David Stephens and his brother are big news back home.
Whitehorse is to the Yukon what Canada is to the United States — a wide open space of pure Mother Nature with a bunch of cool people mostly huddled in one place.
With a population of just under 23,000, Whitehorse represents three-quarters of the Territories’ population.
That’s pretty much the same portion of this country’s population that lives within 160 km of the U.S. border.
So, when two hockey players make it to the major junior level or beyond, it’s, well, big news.
David made it as a rookie with the Edmonton Oil Kings this season. His brother Ted is a veteran with the Moncton Wildcats of the Quebec Major Junior league.
“I think I’m the third guy in the WHL,” said the younger Stephens, 17. “Everybody there talks to me on Facebook.”
At Mile 918 (that’s Kilometre 1,423) of the historic Alaska Highway — built after the Second World War — it’s not that easy to get there. And not all that easy to get out of if you are on skates.
Like any smaller place, the cream has to find bigger bowls in order to rise to the top.
Jarret Deuling of Whitehorse, taken 56th overall by the New York Islanders in the 1992 NHL draft, was born in Vernon, B.C., and had to go back south to get noticed, winning a couple of Memorial Cups with the Kamloops Blazers.
Stephens had to move “south” to Fort St. John, B.C.
“When I was 15, I moved to Fort St. John. Then halfway through that year I got called up to the major midget team in Prince George and played there the last couple of years. And then, this year, I cracked a spot here. It’s been awesome,” he said.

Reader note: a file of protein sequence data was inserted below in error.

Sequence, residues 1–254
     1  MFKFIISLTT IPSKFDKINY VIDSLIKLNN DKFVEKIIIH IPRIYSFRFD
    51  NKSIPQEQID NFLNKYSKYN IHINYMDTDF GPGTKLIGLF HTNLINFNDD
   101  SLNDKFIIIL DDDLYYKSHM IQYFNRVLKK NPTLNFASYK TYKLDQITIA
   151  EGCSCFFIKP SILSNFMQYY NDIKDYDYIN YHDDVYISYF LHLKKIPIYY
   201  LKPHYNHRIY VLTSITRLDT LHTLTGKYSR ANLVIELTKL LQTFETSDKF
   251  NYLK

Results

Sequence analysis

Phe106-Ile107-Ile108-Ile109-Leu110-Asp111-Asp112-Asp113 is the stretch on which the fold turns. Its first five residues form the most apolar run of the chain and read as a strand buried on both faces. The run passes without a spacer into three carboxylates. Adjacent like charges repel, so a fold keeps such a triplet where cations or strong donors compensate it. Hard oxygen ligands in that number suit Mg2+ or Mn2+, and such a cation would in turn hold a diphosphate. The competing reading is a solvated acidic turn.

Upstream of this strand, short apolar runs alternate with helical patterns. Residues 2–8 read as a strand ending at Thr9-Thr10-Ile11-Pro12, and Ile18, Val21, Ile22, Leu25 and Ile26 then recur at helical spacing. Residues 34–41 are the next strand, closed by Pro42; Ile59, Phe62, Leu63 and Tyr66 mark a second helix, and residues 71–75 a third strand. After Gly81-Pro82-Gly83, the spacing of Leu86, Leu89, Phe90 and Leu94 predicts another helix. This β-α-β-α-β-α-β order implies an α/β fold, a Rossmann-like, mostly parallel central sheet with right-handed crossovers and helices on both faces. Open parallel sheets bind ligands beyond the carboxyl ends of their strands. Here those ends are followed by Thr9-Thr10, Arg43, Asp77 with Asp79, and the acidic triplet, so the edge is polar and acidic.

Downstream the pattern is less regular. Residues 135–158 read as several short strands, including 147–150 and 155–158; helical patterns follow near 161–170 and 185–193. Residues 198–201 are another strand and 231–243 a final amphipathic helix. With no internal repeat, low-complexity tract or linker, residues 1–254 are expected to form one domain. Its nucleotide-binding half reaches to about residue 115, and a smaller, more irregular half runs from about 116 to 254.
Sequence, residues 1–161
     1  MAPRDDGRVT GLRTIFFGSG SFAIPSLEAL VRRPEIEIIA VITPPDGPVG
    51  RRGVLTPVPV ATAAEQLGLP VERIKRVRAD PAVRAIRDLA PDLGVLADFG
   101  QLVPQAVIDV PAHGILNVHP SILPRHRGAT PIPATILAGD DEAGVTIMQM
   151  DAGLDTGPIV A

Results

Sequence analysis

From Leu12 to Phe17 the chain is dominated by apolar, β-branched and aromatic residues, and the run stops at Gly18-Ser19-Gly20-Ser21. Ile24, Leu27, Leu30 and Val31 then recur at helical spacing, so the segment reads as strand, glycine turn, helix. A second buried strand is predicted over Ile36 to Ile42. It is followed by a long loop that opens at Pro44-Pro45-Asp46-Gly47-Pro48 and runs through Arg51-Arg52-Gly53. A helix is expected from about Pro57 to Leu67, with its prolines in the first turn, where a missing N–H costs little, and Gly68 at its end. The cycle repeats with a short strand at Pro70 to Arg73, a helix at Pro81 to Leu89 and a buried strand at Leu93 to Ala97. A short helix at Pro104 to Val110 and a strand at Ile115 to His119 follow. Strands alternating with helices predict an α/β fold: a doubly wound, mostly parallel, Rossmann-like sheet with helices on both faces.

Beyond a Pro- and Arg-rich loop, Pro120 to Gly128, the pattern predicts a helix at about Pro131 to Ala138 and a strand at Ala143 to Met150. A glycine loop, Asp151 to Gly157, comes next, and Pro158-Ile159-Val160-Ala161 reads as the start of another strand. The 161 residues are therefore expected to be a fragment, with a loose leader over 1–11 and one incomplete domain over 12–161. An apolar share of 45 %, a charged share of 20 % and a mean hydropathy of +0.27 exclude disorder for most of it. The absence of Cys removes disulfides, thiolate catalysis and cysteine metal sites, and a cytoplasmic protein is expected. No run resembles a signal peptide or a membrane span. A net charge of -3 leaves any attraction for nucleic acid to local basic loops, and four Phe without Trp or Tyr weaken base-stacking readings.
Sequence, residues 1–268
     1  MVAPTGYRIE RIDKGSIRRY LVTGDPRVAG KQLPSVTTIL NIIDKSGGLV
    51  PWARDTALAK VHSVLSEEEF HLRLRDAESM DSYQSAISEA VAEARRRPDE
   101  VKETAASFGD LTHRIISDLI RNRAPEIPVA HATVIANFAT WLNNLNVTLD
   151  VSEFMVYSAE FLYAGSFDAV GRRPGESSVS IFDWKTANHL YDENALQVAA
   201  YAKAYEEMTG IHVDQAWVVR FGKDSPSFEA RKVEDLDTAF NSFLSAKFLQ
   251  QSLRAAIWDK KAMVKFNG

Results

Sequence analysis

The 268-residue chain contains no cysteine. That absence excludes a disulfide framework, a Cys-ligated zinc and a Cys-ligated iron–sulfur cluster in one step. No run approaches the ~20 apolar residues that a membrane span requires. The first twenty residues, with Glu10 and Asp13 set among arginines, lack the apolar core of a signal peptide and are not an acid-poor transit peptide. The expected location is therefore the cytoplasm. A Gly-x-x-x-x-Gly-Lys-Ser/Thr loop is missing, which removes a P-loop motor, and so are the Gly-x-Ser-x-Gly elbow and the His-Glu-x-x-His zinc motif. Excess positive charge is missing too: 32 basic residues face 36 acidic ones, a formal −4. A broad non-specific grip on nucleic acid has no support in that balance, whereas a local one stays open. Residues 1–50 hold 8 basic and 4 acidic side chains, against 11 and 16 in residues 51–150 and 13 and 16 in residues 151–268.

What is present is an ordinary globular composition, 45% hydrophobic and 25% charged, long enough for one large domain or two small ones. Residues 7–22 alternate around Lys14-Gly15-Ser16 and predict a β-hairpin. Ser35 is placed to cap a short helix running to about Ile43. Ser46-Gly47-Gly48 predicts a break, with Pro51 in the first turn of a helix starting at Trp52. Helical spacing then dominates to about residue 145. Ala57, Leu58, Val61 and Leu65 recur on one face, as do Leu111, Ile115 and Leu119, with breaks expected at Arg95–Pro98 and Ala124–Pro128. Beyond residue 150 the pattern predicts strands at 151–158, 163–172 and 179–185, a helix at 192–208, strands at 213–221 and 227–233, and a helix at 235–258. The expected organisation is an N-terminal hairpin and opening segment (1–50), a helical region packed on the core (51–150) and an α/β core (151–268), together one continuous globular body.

In two months, the WHL is going north.
The Vancouver Giants and the Blazers will play in Whitehorse on Feb. 12 as part of CBC’s Hockey Day in Canada.
The thousand tickets on sale at the 1,500-seat Takhini Arena sold out in just over an hour.
That kids in the greatest White North have time to lace up is no surprise: long winters and plenty of ice.
“(We) always had the outdoor rink,” said Stephens. “We’d play all night.”
He said home is where his heart will always be.
“I’m going home at Christmas. And it’s always fun in the summer. I love it there.”
He is already something of an ambassador.
Stephens recently made a presentation about the Yukon at Salisbury Comp, where the Oil Kings attend high school.
“Hopefully, I can get some people to come up there. I’m telling some of my buddies they should come up in the summer.”
Just make sure you stop at the Liard hot springs on the way.
In the meantime, Stephens is a former midget scorer learning to adapt.
“I’m getting more comfortable, adjusting to the speed and stuff,” he said.
“The biggest thing I’ve noticed is the size of the players — everyone’s bigger and stronger,” added Stephens, echoing his brother’s comments to the Whitehorse Star after he attended a rookie camp with the Columbus Blue Jackets.
“It’ll come soon enough, I think. Getting into more games, getting my confidence, (learning) the defensive zone, (learning to) move the puck quicker, because you don’t have much time in this league.
“I think I’m coming along lately, getting more comfortable trying to do my stuff.”